Launch and Sea Trials
Mona's Queen was launched by Mrs J. Waddington at 9:30am on 12 April 1934 in the presence of G. Clucas (Chairman of the Isle of Man Stem Packet Company), W. Cowley (director), J. Waddington (director), A. Robertson (director) and numerous other representatives of the Company. Amongst those representing the builders were: W. Hichens (Chairman), R. Johnson (managing director) and J. Caird (assistant managing director). Also in attendance were the Lord Mayor and Lady Mayoress of Liverpool and the Mayors of Wallasey, Birkenhead and Bootle. This rather unusual time for the ship's launch was as a consequence of tide conditions in the River Mersey.
Following her fitting-out, Mona's Queen underwent her sea trials on Wednesday 13 June. Sailing from Cammell Laird's, she made passage to the Clyde for her speed test over the measured mile, during which a speed of 22 knots (41 km/h; 25 mph) was attained. After the completion of this test a further run was made over the measured mile, with the vessel using the bow rudder.
A six hour consumption trial was carried out on the way back to Birkenhead. On her return she crossed Douglas Bay (but did not berth at her home port) as she continued back to Birkenhead, where she entered the wet basin in order to have her turbines examined.
Mona's Queen was the lead ship of the last three vessels - all twin-screw and geared turbines - to be built for the Steam Packet Company before the Second World War. She was painted with a white hull over green like the Lady of Mann and Ben-my-Chree. This was a summer colour scheme adopted by the company in the 1930s.
Mail and cargo
Mona's Queen's designation as a Royal Mail Ship (RMS) indicated that she carried mail under contract with the Royal Mail. A specified area was allocated for the storage of letters, parcels and specie (bullion, coins and other valuables). In addition, there was a considerable quantity of regular cargo, ranging from furniture to foodstuffs.
Mona's Queen was requisitioned as a troop ship by the British government on 3 September 1939, the day war was declared. Although she served a military purpose, the ship remained a merchantman with a Steam Packet captain and crew. Most of May 1940 was spent evacuating refugees from Dutch and French ports as the massive German advance swept forward to the Channel. On 22 May she carried 2,000 British troops from Boulogne to Dover.
Mona's Queen was one of the first vessels to make a successful round trip during the Dunkirk evacuation. Under the command of Captain Radcliffe Duggan, she arrived back in Dover during the night of 27 May with 1,200 troops. The next day the ship returned to sea and was shelled off the French coast by shore guns but escaped damage.
Captain Duggan was temporarily replaced by Capt. Holkham following which in the early hours of 29 May, the Mona's Queen set sail for Dunkirk from Dover loaded with water canisters because troops on the Dunkirk beaches were short of drinking water. However the ship struck a sea mine outside Dunkirk harbour at 5.30am. The Mona's Queen sank in two minutes.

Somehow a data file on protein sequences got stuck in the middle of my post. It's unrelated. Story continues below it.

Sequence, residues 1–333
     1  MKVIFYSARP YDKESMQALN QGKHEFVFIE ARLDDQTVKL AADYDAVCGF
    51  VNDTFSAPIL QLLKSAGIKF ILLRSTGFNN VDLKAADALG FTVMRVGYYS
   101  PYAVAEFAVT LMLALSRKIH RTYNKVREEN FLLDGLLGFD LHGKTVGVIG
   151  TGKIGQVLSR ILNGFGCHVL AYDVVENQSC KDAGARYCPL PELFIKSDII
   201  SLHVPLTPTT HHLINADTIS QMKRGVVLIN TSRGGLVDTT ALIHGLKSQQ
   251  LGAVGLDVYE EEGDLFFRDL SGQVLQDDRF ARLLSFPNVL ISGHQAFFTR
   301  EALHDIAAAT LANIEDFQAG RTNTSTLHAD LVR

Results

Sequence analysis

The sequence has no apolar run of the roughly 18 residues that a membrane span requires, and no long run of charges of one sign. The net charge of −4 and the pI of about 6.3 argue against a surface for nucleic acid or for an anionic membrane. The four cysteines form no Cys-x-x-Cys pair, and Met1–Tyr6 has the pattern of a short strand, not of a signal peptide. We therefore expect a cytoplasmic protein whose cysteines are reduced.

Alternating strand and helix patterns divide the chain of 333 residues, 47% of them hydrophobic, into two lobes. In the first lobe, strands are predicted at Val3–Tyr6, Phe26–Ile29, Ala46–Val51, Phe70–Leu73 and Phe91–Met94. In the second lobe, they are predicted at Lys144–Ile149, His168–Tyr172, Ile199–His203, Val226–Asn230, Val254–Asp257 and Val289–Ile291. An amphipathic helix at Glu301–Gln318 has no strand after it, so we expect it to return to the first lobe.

Captain Archibald Holkham, who had taken over as Master, and 31 members of the crew were picked up by destroyers. Twenty-four of the crew were lost. Of the crew who died, 14 worked in the engine room. They included the Chief and Second Engineer. Seventeen of the dead were from the Isle of Man. The wreck is designated as a war grave.
Crew lost at Dunkirk
|Barwell, H.||Chief Engineer|
|Kneale, R.C.||Second Engineer|
|Neilsen, T.E.||Third Engineer|
|Kennaugh, G.||Assistant Engineer|
|Callister, R.C.||Assistant Engineer|
|Delaney, M.H.||Assistant Engineer|
To mark the seventieth anniversary of her sinking, Mona's Queen's starboard anchor was raised on 29 May 2010 and subsequently returned to the Isle of Man to form the centrepiece of a permanent memorial. The anchor had become detached during the sinking, and therefore did not form part of the War Grave. Her anchor was raised by a French salvage vessel, and was shown live on BBC television. There was a 12-gun salute from HMS Monmouth as a crane lifted the anchor of Mona's Queen from the seabed.
On 29 May 2012, a memorial featuring the restored anchor from Mona's Queen, to commemorate the losses 72 years earlier on Mona's Queen, King Orry and Fenella was opened in a ceremony at Kallow Point in Port St Mary attended by representatives of local and national government, the Lieutenant Governor, the Isle of Man Steam Packet Company and the French Navy.
|Wikimedia Commons has media related to Mona's Queen.|
- Connery Chappell - Island Lifeline (1980) p54.
- Ships of the Isle of Man Steam Packet Company (Fred Henry) p.64
- Shipbuilding and Shipping Record. August 9, 1934, p146
- Mona's Herald Tuesday, April 10, 1934; Section: Front page, Page: 1
- Mona's Herald. Tuesday 12 June 1934.
- Isle of Man Weekly Times, 8 June 1940 (newspaper report containing details of Mona's Queen's history, sinking and names and addresses of crew lost and saved)